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BlueFire rebrands, changes name

By Erin Voegele
Posted August 18, 2010, at 12:30 p.m. CST

BlueFire Ethanol Fuels Inc. has changed its name to BlueFire Renewables Inc. According to the company, the new name and rebranding more clearly illustrates its capability to produce a variety of biofuels, including ethanol, biodiesel, bio jet fuel and drop-in fuels. BlueFire Renewables will continue to trade under the ticker symbol BRFE.OB.

While BlueFire is focusing on ethanol production in the short-term, the company's President and CEO Arnold Klann noted that BlueFire's technology is ultimately a sugar production process. "What we do is take any type of cellulosic material and break it down into its constituent components using concentrated acid hydrolysis," he said, resulting in 5-carbon and 6-carbon sugars. Once the sugars are recovered from cellulosic feedstock by BlueFire's technology, they can be converted into a variety of fuels using third-party back-end technologies. "Our technology, because we have that intermediate step of pure sugars, can produce other chemicals besides just ethanol," Klann said. "That's what makes our technology unique and different from most others."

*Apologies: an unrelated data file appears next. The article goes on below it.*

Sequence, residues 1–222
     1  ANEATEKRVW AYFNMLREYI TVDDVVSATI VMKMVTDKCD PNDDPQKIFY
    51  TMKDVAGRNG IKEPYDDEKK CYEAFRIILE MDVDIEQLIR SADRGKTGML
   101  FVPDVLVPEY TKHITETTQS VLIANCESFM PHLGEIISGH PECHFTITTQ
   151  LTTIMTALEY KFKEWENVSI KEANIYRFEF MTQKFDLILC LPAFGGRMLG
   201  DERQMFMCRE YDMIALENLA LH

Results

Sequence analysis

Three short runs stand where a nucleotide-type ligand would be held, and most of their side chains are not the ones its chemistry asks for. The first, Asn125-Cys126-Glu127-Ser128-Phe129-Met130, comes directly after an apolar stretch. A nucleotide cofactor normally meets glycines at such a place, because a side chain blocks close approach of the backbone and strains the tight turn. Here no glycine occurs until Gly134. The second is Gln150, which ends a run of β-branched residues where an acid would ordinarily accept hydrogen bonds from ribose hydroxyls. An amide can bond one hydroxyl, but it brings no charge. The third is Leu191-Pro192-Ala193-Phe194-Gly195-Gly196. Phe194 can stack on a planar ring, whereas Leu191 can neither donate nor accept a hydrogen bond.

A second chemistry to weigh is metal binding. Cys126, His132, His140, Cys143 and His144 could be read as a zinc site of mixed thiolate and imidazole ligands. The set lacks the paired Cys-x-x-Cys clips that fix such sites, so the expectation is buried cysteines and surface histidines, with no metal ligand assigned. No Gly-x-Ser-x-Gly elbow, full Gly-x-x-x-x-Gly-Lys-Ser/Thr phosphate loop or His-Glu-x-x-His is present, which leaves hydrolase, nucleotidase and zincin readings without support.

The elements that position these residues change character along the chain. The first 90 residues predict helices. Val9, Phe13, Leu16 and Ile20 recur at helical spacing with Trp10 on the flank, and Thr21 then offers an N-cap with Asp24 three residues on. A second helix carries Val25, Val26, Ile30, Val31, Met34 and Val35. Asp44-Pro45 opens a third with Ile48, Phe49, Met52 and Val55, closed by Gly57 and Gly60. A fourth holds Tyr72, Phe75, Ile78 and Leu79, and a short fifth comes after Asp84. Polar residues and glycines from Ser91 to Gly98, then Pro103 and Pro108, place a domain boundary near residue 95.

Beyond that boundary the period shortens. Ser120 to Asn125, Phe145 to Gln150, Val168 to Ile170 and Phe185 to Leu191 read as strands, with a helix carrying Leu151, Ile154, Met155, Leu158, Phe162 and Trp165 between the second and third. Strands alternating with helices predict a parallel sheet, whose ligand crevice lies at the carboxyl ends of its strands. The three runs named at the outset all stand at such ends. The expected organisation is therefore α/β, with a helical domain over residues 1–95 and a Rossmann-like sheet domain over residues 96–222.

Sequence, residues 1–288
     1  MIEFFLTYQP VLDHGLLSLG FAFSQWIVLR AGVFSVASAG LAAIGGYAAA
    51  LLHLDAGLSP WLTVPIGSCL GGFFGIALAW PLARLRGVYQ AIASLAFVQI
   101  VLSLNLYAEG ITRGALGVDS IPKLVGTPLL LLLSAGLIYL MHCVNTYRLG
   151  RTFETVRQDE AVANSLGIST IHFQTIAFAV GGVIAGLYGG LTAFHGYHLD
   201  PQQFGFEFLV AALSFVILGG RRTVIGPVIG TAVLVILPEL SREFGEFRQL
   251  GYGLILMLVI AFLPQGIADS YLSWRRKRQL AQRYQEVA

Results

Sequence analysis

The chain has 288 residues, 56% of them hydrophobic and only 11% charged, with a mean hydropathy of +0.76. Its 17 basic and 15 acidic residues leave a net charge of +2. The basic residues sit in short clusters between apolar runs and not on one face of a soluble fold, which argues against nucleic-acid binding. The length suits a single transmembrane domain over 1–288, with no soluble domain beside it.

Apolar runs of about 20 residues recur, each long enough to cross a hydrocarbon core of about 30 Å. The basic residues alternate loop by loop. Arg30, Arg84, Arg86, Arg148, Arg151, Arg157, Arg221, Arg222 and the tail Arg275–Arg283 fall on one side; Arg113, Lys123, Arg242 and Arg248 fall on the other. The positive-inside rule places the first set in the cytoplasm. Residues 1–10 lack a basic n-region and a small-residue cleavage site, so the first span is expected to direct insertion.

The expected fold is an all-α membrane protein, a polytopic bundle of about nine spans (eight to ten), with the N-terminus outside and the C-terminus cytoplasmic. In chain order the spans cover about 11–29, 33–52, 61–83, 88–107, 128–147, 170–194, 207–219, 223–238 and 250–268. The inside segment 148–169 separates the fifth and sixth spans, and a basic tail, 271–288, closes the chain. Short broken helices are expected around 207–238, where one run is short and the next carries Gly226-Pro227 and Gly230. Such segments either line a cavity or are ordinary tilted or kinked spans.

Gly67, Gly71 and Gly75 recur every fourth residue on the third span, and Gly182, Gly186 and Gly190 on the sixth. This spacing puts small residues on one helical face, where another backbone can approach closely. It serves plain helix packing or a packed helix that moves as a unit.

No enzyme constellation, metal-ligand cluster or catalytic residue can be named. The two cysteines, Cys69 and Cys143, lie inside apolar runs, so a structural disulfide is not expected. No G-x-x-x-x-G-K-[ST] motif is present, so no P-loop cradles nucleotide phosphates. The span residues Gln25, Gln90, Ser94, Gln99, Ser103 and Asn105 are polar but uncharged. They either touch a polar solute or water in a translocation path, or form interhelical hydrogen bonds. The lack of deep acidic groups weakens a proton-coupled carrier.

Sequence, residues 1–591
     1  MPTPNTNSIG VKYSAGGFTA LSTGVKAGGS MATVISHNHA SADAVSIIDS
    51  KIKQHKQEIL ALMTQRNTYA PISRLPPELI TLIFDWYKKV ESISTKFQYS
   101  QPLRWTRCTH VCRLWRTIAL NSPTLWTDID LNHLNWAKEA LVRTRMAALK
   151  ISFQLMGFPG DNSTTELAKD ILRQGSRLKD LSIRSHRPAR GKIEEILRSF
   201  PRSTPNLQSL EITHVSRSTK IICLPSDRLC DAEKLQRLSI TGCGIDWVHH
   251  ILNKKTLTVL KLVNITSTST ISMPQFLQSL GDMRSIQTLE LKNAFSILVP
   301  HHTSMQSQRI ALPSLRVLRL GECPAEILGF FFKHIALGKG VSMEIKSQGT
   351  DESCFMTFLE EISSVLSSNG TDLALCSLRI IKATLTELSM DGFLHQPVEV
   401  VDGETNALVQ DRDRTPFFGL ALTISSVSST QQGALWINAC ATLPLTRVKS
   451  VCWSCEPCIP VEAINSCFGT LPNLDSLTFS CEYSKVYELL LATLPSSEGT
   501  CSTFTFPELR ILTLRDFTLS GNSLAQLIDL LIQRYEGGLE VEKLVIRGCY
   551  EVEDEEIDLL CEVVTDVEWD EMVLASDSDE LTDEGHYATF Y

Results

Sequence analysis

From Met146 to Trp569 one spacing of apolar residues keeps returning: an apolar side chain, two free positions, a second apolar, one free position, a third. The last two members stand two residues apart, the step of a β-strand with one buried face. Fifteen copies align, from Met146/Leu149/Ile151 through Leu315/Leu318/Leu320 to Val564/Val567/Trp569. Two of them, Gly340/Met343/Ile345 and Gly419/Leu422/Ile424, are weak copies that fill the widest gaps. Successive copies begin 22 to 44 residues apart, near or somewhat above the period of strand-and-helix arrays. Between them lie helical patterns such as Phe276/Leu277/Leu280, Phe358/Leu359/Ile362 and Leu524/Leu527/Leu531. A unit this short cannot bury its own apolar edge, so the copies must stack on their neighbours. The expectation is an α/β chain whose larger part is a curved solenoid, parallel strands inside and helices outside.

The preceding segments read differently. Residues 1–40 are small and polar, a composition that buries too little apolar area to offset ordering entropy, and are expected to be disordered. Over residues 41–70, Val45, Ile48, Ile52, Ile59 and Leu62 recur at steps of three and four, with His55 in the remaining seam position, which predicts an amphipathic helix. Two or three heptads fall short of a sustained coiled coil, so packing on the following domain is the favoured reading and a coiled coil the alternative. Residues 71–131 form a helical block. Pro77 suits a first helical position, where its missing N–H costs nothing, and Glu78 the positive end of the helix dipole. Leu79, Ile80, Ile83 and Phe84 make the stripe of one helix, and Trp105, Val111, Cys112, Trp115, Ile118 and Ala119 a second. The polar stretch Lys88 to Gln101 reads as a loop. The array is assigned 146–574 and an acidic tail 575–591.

BlueFire is currently in the process of developing two facilities, a 3.9 MMgy plant in Lancaster, Calif., and a 19 MMgy plant in Fulton, Miss. According to Klann, the Fulton plant will be dedicated to cellulosic ethanol production. The California facility will also initially produce ethanol. "However, Lancaster was designed…to be able to add on other companies' technologies on the back-end to produce other fuels as a commercial demonstration project," Klann said. "Overtime, I see that [facility] evolving from ethanol production to biodiesel or some other product."

According to Klann, the flexibility offered by BlueFire's technology is advantageous. "Because our technology is a sugar producer for all intents and purposes-a cellulosic sugar producer-we can adapt very quickly to the marketplace," he said. "It really reduces the risks of the company…because we have the adaptability to go into other markets and other products."

While the U.S. has a strong market demand for ethanol, that is not the case in many other parts of the world. "With our ability to produce other fuels, it opens up the worldwide market for us," Klann said. "It allows us to build plants in other countries and supply products that would work in their existing fuel infrastructure."
 

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